OpsGuru Achieves AWS DevOps Competency
OpsGuru has achieved AWS DevOps Competency, recognizing its CI/CD practice and expertise in infrastructure automation and configuration management...
Infrastructure as Code (IAC), Continuous Integration and Continuous Delivery (CI/CD) are becoming part of the standard pattern for delivering application code into production environments. Unfortunately, this methodology is rarely applied when deploying models for relational databases, often favoring more classic and manual methods that are thought to be safer. This is unfortunate because Infrastructure as Code and Continuous Delivery Makes Database Development easier for the developer and less risky for the business.
Implementing IAC combined with a CI/CD pipeline usually follows a progression from manual, to semi-automated with infrequent releases, to automated with more frequent releases. The common occurrence when CI/CD is applied to database models is to transition from manual to semi-automated but often, the process gets stuck at this stage, never reaching a stage with frequent releases. The cause of this stall will be slightly different for each company, but it is generally fear of losing or corrupting data. Every database developer I know has a war story about a production database mistake they have made that caused data loss or corruption.
Usually, these mistakes have a semi-happy ending where there was some downtime, and the database backup was used to do a full restore, but that is not always the case, and sometimes data is gone forever.
In the postmortems of database events, the common suggestions are to go slower to better understand changes. On the surface, this is a good suggestion, but what “slowing down” means to most companies is to release less frequently. Unfortunately, releasing less often is not going slower, it just feels like it is. If the same number of developers are making roughly the same number of changes and those changes are just being released less often but all at once, that is better characterized as doing nothing broken up by short periods of going very fast. This can create a negative feedback loop where large batches of changes are made all at once to a database model, causing errors, leading to releasing less often, leading to larger batches, and more errors.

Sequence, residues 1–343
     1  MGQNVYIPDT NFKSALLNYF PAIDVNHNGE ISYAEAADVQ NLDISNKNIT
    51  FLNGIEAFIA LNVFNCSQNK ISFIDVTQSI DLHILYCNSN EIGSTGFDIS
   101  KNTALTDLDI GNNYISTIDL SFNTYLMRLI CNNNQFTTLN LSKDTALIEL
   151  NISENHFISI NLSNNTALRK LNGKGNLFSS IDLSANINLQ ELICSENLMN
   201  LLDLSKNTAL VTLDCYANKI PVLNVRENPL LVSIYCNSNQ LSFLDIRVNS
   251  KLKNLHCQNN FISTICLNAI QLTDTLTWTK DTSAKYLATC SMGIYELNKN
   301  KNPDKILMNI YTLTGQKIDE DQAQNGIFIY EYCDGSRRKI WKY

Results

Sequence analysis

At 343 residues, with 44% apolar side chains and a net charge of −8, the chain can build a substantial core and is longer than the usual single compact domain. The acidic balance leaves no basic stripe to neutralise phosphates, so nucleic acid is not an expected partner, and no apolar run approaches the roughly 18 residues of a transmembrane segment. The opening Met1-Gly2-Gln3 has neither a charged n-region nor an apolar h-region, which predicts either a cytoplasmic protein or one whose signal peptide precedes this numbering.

The steps above may look like they introduce a lot of overhead, but realistically they are just a reversal of most people’s current practices. Rather than doing a lot of work less often, the pattern above is to do a little work more often. As well, mistakes will always happen. This applies to databases just as much as any other software. The best approach you can take is the path that limits impact and increases the chance of a safe fix. The current standard for deploying databases does not do this.
Addendum: As stated above, mistakes will always happen, the pattern above does not remove all mistakes as nothing can, it is important that a disaster recovery strategy exists for when large mistakes happen. If you do not have one for your databases, that should be your highest priority above all else.